With regards to the wider point of anti-Semitism itself, I sometimes struggle to understand what it really should mean; the term has all too often become a byword for anti-Zionism, opposition to Israel or any behaviour deemed contrary to Jewish interests or values. Organisations or individuals that claim to fight anti-Semitism at times do anything but. Admittedly, I have never directly experienced anti-Semitism; it’s difficult enough guessing I am a Jew based on my outward appearance, name or general demeanour. That is not to say I can be any less sensitive to the merest whiff of a crude stereotype or comment; at the pub I work in I sometimes feign amusement at remarks such as about a broken-down ‘Jewish’ till or ‘Jewish money’ lobbed at Theo Walcott by Tottenham supporters. While I may seethe for a few moments, I know how to contextualise such comments, especially when made by older residents in the East End of London, once the home of British Jewry, and not cry that Jew-haters are in my midst. But I am even more unimpressed when Jews in the West, after querying about family origins in Eastern Europe, seem to frequently stress before me ‘how bad’ or ‘dangerous’ it is in Russia and Poland where my family live, claiming to hold authority on all such matters. As I stress time and again, one should guide themselves above all on the reactions of a local Jewish community, far better-placed to evaluate their supposed hardships; I bring up the recent example of the Panorama’s ‘Stadiums of Hate’ prior to the European Championships in Poland and Ukraine and subsequent reactions of Jew in those countries regarding the documentary’s accuracy. A sense of perspective and on-the ground knowledge are formative; pre-conceived armchair judgements are worthless.
There is no doubt that real anti-Semitism bears certain unique, historic traits unknown to other forms of racism. But to entirely divest an analysis of anti-Semitism from society’s wider ills, as well as other outright forms of racism, or at least elevate it to a platform of its own, does little to remove the problem. If this is really a question of a balance of probabilities, as argued to me, then where is our comparable outcry in France over the continued clearances and segregation of Roma in France, or the rampant xenophobia, in particular Islamophobia, feeding the rise of Marine Le Pen, quite possibly the next French president (and lest certain Jewish authorities quickly forget the track record of her father and predecessor). The political protection afforded to ourselves in the Western world is simply unimaginable for the likes of the former two, to mention a few; where in Europe are anti-Romanyism and Islamophobia given the level of consideration anti-Semitism is? The French government’s crackdown on Dieudonné is a case in point.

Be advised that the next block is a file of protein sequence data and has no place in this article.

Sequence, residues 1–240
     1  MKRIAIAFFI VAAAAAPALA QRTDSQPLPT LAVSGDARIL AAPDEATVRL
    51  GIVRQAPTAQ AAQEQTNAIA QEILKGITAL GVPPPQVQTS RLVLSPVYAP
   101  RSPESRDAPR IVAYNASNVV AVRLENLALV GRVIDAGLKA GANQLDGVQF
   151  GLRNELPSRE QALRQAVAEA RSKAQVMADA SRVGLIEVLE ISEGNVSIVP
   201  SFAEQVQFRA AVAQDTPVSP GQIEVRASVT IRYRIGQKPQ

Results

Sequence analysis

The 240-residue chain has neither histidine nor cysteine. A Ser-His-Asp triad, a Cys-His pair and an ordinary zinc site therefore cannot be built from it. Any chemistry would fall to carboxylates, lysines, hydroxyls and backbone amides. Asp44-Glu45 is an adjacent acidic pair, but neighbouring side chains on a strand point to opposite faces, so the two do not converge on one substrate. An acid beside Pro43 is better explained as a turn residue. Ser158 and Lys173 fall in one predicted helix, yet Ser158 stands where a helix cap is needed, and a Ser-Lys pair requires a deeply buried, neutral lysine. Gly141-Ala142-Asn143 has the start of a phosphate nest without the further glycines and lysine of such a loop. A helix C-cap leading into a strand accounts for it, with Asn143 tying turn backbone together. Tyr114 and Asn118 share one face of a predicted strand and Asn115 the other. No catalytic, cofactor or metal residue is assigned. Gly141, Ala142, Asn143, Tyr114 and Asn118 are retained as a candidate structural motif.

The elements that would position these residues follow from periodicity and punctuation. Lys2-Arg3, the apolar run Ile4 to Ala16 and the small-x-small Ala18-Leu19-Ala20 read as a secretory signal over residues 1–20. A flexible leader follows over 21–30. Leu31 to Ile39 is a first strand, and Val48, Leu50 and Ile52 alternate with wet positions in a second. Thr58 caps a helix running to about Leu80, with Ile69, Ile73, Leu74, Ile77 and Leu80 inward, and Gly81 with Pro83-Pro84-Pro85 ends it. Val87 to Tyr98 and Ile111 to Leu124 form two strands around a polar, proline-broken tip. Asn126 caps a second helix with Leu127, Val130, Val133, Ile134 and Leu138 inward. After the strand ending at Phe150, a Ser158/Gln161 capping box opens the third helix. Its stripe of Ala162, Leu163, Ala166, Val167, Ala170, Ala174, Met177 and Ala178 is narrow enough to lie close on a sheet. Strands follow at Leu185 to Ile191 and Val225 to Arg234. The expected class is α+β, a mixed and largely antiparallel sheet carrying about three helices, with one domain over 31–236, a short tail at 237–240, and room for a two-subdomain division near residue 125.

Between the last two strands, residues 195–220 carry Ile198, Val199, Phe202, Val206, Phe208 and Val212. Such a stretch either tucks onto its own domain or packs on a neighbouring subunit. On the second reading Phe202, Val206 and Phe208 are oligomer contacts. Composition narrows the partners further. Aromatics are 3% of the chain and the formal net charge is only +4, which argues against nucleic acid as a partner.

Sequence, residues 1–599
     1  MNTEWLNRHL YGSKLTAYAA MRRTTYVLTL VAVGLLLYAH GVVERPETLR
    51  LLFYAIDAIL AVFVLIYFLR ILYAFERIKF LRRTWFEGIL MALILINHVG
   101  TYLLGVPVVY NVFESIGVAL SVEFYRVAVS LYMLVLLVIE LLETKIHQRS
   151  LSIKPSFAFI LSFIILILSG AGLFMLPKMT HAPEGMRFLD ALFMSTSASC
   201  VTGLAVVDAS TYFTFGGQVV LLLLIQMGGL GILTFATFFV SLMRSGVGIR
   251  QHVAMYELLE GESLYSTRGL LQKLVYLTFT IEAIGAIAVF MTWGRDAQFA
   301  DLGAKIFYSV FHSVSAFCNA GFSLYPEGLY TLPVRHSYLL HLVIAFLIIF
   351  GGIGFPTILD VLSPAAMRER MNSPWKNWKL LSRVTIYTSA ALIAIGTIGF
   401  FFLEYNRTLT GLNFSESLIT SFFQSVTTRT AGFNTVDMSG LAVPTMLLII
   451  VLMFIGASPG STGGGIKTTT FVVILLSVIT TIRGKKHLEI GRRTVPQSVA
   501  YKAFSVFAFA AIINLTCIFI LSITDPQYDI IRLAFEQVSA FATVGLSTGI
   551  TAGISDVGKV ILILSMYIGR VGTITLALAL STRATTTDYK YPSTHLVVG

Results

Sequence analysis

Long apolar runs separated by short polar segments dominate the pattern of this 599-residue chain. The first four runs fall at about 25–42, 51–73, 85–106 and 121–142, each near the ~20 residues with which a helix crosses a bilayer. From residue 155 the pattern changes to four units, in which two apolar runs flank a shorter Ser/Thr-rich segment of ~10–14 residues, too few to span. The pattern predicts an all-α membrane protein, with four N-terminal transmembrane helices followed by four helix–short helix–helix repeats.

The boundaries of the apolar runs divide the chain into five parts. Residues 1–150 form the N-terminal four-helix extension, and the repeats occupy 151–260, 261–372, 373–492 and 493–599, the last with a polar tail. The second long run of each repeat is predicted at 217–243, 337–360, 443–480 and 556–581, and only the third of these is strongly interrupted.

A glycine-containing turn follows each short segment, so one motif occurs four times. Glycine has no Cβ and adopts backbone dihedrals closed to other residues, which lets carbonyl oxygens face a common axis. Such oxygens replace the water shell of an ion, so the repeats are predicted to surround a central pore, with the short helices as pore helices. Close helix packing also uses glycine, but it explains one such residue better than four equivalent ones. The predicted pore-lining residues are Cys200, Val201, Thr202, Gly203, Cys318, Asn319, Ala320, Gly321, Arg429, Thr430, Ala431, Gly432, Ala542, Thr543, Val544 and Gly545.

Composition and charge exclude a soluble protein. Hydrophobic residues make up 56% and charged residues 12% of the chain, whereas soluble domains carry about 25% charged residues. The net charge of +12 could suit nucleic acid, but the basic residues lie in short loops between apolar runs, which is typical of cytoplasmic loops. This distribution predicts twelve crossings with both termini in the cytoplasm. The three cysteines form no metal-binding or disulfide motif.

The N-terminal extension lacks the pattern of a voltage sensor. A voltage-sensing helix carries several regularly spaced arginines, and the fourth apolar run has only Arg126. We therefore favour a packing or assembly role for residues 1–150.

Emphasising one’s own suffering and ignoring that of others, often more deserving of our very compassion and consideration, can easily lead to ignorance, insensitivity and even intolerance. Look no further than the separate modern-day founding narratives of the peoples of Israel and Palestine, let alone their present-day respective hardships. Consider our commemoration of the Shoah and its perceived exceptionality, as opposed to similarly genocidal horrors of the war that befell other European minorities. Immersing ourselves in our own injustices, seeing enemies everywhere, failing to evaluate the real-life origins of the hatred in question and hope that the solutions can be found in wider society will not make the problem go away. We cannot continue to wallow in millenary narratives of victimhood and isolate ourselves from the root causes of the hatred in question; we must also see anti-Semitism, there where it is real, as just as worthy of our scrutiny and condemnation as other forms of racism.